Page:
|Gene Autry's grave|
To wrap up the shooting of our TV episode on the famous singing cowboy, Gene Autry, Diana and I visited his grave at Forest Lawn Cemetery in Los Angeles. I guess I was expecting something different. The marker is small and lies flat on the side of a grassy hill, not far from the road. On the day we visited, I had to brush away some leaves and dirt to read the words. When I had asked for directions at the visitors’ center, the lady who helped me had not recognized Gene’s name.
|Gene Autry 1907-1998|
Gene Autry is the only entertainer to have five stars on the Hollywood Walk of Fame, symbols of his achievements in radio, recording, motion pictures, television, and live theatre/performance. He was a 33rd degree Mason, pilot, songwriter, recording artist, broadcaster, baseball team owner, and entertainment industry visionary. He was a generous friend, a courageous patriot, and a role model for kids. At the height of his fame, he may have been the best-known American in the world. It’s hard to imagine a more perfect man.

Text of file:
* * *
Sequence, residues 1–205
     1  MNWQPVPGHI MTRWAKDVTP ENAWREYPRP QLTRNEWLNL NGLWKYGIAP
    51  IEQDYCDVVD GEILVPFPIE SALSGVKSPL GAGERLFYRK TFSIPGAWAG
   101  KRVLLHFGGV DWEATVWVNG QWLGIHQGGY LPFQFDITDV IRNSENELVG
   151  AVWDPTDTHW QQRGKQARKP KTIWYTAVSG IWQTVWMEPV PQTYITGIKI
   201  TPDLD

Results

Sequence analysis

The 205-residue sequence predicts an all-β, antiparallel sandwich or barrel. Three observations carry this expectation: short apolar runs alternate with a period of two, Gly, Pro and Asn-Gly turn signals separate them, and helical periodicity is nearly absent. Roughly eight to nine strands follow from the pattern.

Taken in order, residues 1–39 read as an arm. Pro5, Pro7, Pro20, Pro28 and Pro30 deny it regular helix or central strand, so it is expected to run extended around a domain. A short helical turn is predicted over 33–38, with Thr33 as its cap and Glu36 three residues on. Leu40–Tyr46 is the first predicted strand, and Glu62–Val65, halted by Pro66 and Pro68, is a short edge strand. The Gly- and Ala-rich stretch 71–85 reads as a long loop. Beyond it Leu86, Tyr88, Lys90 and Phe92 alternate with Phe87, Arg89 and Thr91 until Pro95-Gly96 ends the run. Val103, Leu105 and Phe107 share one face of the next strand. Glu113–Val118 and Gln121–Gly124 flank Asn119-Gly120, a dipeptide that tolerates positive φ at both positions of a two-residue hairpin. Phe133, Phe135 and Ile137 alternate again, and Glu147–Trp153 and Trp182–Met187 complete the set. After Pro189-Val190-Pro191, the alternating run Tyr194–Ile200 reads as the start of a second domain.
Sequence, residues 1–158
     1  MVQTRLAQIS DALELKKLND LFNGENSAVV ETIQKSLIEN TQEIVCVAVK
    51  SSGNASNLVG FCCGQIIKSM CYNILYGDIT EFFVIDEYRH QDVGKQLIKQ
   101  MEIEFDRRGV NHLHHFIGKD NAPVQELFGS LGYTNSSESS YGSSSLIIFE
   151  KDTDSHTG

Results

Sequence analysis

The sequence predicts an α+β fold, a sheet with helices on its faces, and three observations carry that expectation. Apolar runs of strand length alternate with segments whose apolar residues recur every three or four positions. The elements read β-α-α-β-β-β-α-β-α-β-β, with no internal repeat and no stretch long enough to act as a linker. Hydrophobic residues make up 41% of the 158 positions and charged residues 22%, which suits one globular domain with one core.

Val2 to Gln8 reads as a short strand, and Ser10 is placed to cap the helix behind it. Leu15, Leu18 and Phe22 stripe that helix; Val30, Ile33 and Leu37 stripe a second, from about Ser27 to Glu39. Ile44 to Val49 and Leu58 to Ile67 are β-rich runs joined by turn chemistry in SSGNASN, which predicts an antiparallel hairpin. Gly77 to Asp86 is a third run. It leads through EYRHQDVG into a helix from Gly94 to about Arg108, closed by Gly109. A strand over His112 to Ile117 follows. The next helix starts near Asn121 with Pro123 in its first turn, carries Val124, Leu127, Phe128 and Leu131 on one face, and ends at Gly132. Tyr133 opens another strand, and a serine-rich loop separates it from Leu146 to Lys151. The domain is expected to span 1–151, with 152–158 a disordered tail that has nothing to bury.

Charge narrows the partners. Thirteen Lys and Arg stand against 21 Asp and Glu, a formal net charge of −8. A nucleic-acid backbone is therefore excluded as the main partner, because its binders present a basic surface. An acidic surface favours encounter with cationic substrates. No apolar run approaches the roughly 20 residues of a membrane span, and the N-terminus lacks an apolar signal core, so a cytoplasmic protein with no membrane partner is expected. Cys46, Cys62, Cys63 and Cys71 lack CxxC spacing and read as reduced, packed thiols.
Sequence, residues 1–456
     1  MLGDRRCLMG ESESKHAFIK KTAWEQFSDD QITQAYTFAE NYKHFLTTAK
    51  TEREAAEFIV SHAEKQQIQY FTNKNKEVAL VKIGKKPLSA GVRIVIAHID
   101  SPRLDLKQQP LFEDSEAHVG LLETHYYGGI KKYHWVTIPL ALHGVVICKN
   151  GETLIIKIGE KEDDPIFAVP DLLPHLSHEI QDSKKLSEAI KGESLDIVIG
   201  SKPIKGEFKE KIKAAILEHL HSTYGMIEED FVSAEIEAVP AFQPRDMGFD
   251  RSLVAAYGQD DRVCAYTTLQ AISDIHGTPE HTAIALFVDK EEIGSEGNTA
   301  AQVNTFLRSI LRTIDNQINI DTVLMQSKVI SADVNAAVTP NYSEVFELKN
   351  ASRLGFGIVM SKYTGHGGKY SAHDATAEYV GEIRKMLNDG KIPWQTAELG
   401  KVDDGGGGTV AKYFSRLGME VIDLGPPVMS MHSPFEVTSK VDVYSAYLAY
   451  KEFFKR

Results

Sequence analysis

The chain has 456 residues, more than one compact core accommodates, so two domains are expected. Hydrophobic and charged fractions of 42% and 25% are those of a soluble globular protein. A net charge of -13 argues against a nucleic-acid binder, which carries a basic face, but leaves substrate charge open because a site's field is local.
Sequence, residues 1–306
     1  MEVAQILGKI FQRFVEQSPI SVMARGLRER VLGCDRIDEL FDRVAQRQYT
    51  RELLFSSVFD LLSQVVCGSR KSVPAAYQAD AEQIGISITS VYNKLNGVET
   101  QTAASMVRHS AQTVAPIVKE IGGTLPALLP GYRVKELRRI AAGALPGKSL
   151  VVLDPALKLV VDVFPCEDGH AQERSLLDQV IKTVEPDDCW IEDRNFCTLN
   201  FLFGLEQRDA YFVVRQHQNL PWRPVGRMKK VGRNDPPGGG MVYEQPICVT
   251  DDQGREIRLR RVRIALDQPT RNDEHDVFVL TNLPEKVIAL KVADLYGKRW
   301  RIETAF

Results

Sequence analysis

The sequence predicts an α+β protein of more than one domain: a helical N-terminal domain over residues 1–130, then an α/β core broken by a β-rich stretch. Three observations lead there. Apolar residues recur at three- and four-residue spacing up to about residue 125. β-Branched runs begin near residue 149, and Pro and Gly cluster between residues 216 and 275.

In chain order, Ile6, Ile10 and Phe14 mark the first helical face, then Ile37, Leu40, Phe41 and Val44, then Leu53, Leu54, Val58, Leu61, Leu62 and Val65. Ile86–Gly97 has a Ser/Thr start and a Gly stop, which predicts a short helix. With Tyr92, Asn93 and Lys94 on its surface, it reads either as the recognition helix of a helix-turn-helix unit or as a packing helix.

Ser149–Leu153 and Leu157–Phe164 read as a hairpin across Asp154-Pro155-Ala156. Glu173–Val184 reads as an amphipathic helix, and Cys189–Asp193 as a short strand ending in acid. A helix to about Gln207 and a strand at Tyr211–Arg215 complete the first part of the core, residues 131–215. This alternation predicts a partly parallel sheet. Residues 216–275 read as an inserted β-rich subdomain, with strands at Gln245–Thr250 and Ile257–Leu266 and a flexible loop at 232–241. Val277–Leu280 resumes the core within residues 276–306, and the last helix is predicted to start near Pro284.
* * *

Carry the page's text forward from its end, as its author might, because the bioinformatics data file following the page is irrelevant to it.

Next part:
But Gene Autry was not perfect. As I dug into his story, I learned that he had a drinking problem that led to embarrassing public incidents. His long affair with Gail Davis, star of the Annie Oakley TV series that Autry produced from 1954 to 1957, was well-known around Hollywood. Like all of us, Gene Autry was a flawed human. That he managed those flaws successfully is suggested by his myriad contributions later in life.
Our 2008 TV episode, "Gene Autry and the Seven Champions," tells Gene’s story lovingly and honestly using impeccable sources. I’ve prepared a special commercial-free version for your viewing pleasure. I’ve also brought back a two-part radio interview with Gene’s official biographer, Holly George Warren. Enjoy!